How Yuh Goin'? Goin' Good! | Yuh Is Ah Trini

2 comments
Damn right I am a Trini and one who loves the way we speak. I am so amused, at times, when I hear my fellow country citizens speak here in New York City. It simply does not sound or feel right. Sometimes I mention to them that they simply don't sound Trini anymore and they appear to be pleased that they don't! Well I am not of that pedigree, I believe that we sound awesome when we speak and especially when we use our Trini Idioms.

The way we speak is so special and the way we twist words and phrases around add to the the delight I hear when Trinidadians speak. I simply love it and always take the opportunity to try and explain what the phrase means when I see the look of confusion on the other person's face. Recently I realized that many Trinidadians can't explain some of the phrases. I know that is real because it is my experience with many Trinidadians and also because there are a few that I have to call back home to get an explanation from those in the know.

Today I am going to explain a very simple one but one that is used daily by just about every Trinidadian even those whom are so willing to shed their twang for the American style dialect. Today we are dealing with the phrase "How Yuh Goin' and the response, Going Good". Say it and then think about it. I am sure you have said it many times but never gave thought to the meaning or how another person may perceive the meaning of the phrase. This is your opportunity... say it again and verbalize it with a loud voice. Listen to yourself then say the meaning and put it in context.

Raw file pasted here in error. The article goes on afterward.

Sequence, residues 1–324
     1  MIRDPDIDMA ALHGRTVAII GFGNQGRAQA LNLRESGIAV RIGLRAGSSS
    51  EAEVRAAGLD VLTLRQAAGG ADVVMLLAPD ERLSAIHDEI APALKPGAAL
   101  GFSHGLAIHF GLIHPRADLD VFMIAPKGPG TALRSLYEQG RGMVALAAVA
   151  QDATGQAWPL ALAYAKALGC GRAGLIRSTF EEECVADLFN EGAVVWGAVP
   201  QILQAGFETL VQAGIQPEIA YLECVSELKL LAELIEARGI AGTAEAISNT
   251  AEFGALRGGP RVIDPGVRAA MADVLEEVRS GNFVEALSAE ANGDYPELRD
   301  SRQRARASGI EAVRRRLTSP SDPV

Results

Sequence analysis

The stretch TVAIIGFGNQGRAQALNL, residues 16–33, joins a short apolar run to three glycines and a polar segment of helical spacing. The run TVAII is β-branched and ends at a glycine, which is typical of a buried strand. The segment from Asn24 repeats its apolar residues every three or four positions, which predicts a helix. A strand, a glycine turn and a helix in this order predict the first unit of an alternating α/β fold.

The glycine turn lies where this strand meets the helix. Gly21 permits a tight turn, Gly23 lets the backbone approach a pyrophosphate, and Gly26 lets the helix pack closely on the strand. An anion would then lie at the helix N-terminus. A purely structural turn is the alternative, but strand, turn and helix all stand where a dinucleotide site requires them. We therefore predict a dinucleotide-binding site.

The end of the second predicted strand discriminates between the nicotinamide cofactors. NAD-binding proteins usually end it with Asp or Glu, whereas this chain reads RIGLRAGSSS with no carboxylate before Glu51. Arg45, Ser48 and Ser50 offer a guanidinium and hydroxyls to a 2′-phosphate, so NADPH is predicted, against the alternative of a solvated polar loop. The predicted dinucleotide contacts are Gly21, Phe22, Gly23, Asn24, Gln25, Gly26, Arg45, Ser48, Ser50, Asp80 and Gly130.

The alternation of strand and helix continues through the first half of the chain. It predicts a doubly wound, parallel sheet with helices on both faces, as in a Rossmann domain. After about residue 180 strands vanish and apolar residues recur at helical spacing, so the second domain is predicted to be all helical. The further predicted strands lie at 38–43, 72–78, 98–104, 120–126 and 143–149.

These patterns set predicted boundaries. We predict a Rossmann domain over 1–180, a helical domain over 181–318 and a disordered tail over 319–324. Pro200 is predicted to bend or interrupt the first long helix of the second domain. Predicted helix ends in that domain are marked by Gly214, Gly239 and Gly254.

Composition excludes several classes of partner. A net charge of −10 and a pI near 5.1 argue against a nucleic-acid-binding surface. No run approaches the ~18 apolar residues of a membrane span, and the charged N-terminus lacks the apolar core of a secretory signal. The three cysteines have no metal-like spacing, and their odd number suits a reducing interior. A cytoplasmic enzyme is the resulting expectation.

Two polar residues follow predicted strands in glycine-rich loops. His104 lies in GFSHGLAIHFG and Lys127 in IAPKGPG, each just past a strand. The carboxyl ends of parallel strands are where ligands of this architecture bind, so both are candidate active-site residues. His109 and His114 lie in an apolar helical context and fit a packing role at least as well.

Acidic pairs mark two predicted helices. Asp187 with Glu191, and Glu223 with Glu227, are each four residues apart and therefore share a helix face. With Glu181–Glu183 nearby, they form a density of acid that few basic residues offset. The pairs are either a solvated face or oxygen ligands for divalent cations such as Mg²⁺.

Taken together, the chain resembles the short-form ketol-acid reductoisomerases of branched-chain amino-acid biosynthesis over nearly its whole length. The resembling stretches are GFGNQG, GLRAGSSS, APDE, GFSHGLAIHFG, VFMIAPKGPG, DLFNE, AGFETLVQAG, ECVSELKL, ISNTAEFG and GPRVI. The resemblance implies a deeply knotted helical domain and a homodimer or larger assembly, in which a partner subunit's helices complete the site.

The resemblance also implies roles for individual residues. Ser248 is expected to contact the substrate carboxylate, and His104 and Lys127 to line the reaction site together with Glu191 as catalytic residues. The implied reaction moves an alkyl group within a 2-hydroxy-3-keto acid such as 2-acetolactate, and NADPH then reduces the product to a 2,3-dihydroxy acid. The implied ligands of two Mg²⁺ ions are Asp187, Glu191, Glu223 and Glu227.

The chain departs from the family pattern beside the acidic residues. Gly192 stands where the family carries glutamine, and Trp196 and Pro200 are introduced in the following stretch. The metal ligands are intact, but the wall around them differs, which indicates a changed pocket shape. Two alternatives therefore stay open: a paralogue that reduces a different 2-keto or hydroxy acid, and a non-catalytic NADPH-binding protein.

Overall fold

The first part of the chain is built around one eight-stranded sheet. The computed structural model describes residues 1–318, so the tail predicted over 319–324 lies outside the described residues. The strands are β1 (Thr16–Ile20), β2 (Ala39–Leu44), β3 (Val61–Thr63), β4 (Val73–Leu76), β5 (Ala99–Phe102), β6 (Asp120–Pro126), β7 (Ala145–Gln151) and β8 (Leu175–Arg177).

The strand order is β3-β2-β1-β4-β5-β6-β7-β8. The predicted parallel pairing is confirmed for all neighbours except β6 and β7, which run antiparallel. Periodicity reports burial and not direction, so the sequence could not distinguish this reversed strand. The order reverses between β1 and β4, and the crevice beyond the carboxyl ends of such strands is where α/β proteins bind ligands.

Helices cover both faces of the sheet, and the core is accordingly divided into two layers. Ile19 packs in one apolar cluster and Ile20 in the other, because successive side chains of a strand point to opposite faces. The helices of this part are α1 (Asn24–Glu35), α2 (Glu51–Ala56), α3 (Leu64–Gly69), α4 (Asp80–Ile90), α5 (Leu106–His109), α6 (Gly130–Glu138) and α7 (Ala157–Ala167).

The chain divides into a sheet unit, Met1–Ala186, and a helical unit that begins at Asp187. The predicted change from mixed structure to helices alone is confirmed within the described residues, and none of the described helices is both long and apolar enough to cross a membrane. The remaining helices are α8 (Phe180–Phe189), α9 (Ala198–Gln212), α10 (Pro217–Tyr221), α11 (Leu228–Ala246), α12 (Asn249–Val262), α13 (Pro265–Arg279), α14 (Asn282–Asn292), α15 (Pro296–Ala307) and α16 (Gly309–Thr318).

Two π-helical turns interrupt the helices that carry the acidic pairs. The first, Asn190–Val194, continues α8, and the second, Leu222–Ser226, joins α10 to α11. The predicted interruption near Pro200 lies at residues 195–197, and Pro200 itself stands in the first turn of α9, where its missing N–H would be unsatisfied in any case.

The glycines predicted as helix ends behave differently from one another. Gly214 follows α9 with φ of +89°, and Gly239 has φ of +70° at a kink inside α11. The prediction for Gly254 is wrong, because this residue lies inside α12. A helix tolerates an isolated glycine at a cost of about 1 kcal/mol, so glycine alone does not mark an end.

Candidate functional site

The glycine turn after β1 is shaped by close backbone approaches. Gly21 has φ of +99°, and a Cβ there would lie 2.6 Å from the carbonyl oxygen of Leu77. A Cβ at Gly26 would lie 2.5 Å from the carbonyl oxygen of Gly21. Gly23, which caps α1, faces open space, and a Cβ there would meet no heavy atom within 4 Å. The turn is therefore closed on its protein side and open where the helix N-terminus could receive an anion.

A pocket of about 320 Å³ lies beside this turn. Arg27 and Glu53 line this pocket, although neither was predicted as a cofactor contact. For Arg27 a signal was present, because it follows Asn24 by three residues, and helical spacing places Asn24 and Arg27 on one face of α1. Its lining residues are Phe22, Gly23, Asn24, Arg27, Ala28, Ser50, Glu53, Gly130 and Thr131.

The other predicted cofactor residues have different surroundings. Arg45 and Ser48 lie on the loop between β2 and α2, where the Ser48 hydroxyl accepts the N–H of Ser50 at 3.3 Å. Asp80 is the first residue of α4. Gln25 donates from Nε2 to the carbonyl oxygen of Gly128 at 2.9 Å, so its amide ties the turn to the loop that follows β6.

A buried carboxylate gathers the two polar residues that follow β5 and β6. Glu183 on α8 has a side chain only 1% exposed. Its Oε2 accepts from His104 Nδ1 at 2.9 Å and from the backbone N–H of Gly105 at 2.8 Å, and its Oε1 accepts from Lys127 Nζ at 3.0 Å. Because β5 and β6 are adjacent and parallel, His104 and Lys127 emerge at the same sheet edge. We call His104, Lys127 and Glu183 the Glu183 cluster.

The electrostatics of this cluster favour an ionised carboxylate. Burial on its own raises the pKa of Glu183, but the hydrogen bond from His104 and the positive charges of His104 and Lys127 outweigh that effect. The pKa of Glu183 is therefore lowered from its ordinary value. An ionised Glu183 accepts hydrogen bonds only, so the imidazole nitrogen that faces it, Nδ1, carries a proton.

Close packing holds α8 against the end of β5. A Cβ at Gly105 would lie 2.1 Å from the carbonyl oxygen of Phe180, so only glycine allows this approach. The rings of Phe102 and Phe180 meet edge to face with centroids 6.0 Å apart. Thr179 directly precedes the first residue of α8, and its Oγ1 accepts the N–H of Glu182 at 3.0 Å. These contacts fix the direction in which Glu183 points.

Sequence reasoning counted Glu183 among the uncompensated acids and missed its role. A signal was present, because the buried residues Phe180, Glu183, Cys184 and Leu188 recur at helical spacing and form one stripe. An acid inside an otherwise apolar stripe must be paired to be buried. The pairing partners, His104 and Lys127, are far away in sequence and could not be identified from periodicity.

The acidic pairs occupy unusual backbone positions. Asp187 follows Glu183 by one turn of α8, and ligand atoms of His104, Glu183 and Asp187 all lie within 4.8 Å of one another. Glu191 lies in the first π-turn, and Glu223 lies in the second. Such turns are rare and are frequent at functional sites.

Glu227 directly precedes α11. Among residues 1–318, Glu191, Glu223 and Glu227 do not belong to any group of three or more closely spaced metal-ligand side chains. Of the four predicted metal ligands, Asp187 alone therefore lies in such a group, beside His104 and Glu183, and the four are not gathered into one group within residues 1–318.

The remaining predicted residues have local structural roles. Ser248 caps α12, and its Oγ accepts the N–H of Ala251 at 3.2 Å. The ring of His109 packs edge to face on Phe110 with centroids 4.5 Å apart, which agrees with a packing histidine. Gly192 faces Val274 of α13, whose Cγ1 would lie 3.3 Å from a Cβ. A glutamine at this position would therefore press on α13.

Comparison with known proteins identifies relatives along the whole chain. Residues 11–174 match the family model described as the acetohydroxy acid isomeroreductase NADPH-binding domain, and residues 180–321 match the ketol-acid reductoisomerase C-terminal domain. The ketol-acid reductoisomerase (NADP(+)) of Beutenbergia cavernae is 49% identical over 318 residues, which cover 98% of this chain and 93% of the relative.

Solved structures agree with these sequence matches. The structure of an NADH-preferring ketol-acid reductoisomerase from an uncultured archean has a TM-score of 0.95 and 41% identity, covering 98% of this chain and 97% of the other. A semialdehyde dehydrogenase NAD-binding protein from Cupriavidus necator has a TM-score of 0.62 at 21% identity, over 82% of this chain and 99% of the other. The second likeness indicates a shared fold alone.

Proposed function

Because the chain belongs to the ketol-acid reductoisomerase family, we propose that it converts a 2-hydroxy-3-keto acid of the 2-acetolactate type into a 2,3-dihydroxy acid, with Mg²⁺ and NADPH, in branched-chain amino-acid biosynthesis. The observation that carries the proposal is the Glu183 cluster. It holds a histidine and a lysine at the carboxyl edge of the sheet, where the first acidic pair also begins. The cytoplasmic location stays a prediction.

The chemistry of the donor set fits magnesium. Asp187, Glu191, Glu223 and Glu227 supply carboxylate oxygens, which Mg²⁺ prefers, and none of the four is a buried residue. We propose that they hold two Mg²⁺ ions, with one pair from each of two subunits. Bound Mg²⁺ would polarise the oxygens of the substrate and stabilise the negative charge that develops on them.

Ah ha... does it mean 'how are you going' as in 'is everything OK with you'? Yes or no? Maybe it could mean 'how are you going' as in what mode of transportation that you intend to use to get from one place to another! Now you can understand why I love the way we speak - Trinidadians, my people, speak so sweetly. When you listen it is like music to a song and it rolls off our tongues and lips with such ease.

Two friends, who have not seen each other for some time, meet and great each other. One says, "How yuh going" and the other readily responds with "Going good'. Right there and them both parties smile, shake hands or embrace each other knowing that everything is just fine. The conversation may then take them to a place where they could sit and lime for a while and catch up on the things they both encountered since they last saw each other.

On the other hand we have two friends who made plans to go to an event or simply go and lime in a club, bar or fete that may be in another town that requires some form of transportation. The conversation may go like this. "How yuh going?" The response may be, "Going good" but the other person may reply, "that is good but I meant how are you going to the venue". The response may be, "Well I was hoping that I could mop ah drop with you"!

Now don't you think that the way we speak is something special?  I never, ever want to loose the way I speak regardless of what people may thing of my sentence structure - what ever! So for you bogus Trinis reading this - how yuh like meh now?

Mar 29, 2013

Sacrificial Lambs In The Society | The Lion & The Politician!

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An article written by Sandopc...

"Yuh Think It Easy"... that was my previous posting on this blog and as I reflect on this religious week I realized that many decisions that we make daily are not easy at all! Taking that into consideration I pondered on something I read (about an unfortunate situation in Africa) and it dawned on me that our politicians in Trinidad and Tobago are no different from the Lion in that article. They (the politicians) think that it is very ease to dupe the public. From these thoughts the following article is presented for your reading pleasure. 

This is Holy Week for Christians all over the World; and for many it is considered a time for reflection. It is a time to reflect about thoughts of what it means to sacrifice for the greater good and, because of this reflection, rings a bell in our inner being. Christians all over the world remember, many years ago, a man laid down his life for many so that the “many” could live to see a brighter day. Obviously this was not easy for a normal man but then again Jesus, the Christ was not an ordinary man. Having said that,  I am sure his sacrifice, with his human weaknesses intact, was not an easy task. Some of us make sacrifices for